Very few enterprises – public or otherwise – operate at maximum capacity at all times. Mr. Hoscik should realize that and stop trying to make a mountain out of a molehill.

(Not to split hairs here, but Hoscik also doesn’t address whether those 20,000 journeys were round trips or single trips. He also makes an error when he states that the total capacity of the line is 35,000. Not that it really matters, but that’s only in one direction, not both.)



The Emirates Air Line — a photo essay

Last week, friend/designer/planner Yen Trinh travelled to London and rode the city’s newest cable car — the Emirates Air Line. Yen is an Australian based urban planner and city enthusiast. On her blog, the City Love Blog, Yen shares interesting urban-themed discoveries from her world adventures. Today, Yen has compiled a short photo essay from her trip over the Thames.


We visited the Emirates Air Line (cable car) on a Sunday afternoon, and joined the long queue of tourists and curious locals. The integration with other transit is good, as it was an easy walk from the North Greenwich tube, and the other end we connected to the DLR light rail.

The ticket system is integrated with the Oyster card, but not the paper-based travelcards which frustratingly landed us into a 25 minute ticket line.

The ride itself was a quick trip over the Thames River. We travelled from the south to north end.

The terminals and surrounding public spaces seemed well designed, and it’s clear and easy space to understand. Based on the map it seemed an odd location for this project, but when we arrived, it made more sense as a strategic link. It is apparent that at both ends of the cable car are precincts still undergoing urban redevelopment, and it is nearby mixed use developments and large venues like O2 and ExCel Centre.


Thanks again to guest photo-essay blogger Yen Trinh for sharing her thoughts and pictures!



Weekly Roundup: New Metro Cable in India?

A quick look at some of the things that happened this week in the world of cable cars, urban gondolas, and cable propelled transit:

  • This is a system we’ve not yet heard about, but apparently, there are already eight firms bidding for the right to install a new “Metro Cable” system in Shillong, India. This comes with a caveat, however, as one of the firms signed an MOU with Kohima in 2012 to build a 9.8 km long system – and we’ve yet to see anything.
  • The controversial (and cable-propelled) Oakland Airport Connector reaches a major milestone towards its completion.


London Cable Car to be Fully Integrated? Let’s Hope So.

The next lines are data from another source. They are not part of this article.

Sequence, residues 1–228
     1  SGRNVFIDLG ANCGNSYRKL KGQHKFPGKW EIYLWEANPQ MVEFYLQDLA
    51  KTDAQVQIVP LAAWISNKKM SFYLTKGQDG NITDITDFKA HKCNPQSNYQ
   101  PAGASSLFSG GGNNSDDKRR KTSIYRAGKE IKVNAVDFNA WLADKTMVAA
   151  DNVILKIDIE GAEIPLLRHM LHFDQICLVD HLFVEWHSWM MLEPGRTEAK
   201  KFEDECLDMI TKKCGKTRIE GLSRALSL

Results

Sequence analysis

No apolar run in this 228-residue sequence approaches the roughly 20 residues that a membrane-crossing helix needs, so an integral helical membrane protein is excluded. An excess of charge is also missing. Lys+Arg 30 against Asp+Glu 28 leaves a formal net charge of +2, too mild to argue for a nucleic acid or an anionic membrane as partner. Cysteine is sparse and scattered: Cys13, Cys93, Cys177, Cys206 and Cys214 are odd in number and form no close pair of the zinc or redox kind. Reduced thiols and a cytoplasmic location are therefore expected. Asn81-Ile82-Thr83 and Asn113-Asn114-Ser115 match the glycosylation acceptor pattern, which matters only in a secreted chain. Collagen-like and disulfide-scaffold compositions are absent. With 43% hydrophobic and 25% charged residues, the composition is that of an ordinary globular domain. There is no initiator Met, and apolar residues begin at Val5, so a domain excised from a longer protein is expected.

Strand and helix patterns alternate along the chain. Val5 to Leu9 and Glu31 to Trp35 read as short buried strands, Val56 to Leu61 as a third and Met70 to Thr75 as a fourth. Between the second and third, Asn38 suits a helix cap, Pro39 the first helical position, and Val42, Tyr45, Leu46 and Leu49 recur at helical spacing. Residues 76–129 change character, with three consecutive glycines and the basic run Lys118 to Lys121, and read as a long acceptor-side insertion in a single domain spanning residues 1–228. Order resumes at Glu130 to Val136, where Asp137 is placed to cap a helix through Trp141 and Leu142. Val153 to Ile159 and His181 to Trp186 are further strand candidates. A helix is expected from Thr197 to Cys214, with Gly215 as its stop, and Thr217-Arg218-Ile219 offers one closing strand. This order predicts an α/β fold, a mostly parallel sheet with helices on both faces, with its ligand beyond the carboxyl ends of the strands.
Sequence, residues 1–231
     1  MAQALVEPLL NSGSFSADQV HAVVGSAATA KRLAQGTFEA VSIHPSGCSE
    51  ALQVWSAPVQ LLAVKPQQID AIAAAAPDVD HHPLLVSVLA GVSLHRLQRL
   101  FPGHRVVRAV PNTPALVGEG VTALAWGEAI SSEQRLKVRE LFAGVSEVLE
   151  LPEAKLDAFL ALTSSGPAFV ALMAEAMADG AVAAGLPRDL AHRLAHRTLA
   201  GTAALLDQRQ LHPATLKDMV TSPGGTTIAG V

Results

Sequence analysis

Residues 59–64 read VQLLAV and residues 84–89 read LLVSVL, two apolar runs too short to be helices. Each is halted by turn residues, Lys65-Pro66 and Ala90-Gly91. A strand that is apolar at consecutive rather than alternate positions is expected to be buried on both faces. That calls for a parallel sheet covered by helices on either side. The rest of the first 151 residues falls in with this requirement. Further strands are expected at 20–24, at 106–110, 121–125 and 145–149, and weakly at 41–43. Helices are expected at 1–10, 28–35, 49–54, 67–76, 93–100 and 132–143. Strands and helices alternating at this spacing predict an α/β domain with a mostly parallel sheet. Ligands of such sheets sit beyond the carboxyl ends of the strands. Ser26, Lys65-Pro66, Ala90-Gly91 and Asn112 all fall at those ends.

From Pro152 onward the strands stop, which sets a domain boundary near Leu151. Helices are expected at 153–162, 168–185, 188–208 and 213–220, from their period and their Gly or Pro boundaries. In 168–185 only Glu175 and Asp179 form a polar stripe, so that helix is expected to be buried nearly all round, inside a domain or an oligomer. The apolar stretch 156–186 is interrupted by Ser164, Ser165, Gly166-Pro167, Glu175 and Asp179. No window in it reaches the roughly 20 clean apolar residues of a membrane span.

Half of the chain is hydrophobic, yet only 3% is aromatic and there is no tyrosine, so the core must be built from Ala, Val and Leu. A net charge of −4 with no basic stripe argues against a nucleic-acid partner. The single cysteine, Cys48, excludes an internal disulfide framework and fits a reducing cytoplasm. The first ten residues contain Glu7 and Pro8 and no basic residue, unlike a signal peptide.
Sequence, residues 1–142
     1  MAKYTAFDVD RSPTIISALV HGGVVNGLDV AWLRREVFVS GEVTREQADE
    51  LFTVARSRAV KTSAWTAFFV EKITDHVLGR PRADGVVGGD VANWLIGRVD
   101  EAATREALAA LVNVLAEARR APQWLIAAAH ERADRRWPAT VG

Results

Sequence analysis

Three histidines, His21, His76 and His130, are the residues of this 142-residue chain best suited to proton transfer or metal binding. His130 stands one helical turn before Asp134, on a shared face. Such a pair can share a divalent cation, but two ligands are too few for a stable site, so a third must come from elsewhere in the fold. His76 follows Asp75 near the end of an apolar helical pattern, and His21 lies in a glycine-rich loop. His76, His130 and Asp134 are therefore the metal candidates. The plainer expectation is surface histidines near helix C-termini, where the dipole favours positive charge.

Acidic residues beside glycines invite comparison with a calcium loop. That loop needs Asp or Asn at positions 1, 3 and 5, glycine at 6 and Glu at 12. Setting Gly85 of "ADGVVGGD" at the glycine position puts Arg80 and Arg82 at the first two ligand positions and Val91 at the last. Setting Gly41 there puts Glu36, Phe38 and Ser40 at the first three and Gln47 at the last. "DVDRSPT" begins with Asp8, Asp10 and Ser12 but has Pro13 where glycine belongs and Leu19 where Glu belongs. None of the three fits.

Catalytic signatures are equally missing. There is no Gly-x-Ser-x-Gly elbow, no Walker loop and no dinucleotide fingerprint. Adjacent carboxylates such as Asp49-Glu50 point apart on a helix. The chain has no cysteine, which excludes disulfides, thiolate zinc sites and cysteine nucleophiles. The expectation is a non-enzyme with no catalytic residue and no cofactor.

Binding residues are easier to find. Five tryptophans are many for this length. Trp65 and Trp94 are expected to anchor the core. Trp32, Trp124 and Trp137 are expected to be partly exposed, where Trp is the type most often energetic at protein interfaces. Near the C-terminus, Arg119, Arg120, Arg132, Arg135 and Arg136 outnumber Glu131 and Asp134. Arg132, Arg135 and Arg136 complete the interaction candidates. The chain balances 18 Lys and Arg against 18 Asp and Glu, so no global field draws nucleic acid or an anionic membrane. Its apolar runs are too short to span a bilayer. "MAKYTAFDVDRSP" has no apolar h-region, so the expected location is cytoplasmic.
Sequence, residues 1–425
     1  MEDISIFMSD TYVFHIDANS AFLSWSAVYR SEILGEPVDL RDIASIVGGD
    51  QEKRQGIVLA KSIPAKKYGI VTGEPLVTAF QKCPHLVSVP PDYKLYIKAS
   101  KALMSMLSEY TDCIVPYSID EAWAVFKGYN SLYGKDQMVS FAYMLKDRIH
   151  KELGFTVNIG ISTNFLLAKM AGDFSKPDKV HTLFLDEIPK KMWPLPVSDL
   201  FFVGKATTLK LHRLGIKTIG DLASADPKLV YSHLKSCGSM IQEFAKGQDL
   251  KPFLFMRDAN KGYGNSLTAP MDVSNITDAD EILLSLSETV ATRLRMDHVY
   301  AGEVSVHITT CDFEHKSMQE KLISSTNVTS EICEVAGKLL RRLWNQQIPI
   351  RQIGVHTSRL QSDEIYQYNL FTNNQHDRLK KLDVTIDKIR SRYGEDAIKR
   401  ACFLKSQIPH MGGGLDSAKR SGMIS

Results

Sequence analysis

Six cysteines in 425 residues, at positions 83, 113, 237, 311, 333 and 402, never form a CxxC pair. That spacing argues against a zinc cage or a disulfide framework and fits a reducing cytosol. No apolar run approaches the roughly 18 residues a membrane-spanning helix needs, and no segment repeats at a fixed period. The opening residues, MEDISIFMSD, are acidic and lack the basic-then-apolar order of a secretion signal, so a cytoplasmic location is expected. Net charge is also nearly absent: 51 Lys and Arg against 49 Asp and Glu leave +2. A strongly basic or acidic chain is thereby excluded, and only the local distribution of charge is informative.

So apparently a few people agree with us . . .

As we stated a while back, the London Thames Cable Car (Emirates AirLine) is a fine enough addition to the London skyline, but serves little to no public transit purpose as the system isn’t fully fare integrated into the overall London transport network.

This renders the system little more than a novelty for tourists – which is fine. Except that given the price point and the number of tourists London experiences per year this system is sure to make money. Which, in turn, raises the question why London commuters should have to pay to use the system at all – especially given the fact that local public dollars were used to finance it.

These issues are at the core of a recent motion passed by the London Assembly. The motion, agreed to by a majority of Assembly Members, essentially asks the Mayor of London to study and reconsider fully integrating the system into London’s transport network.

That would be a huge win both for the cable transit industry and Londoners in general.

Here’s the content of the entire motion:

“The Assembly welcomes the cable car river crossing, but regrets that some £25 million worth of public money has been spent on it being built when the Mayor had promised that it would be fully funded from the private sector.

This Assembly regrets that travel on the cable car will not be covered by travel cards, the Freedom Pass or the Oyster cap. It considers that the Mayor has missed an opportunity to integrate fully the cable car into the public transport ticketing system.

The Assembly requests the Mayor under section 60(1) of the Greater London Authority Act to:

  • Reconsider the exclusion of cable car journeys from the normal ticketing arrangements when he makes his 2013 fares decision;
  • Report to the Assembly, well in advance of his 2013 fares decision, on the cost of including cable car journeys in travel cards, the Freedom Pass and Oyster cap;
  • Consult with boroughs on how cable car travel could be included in the Freedom Pass.”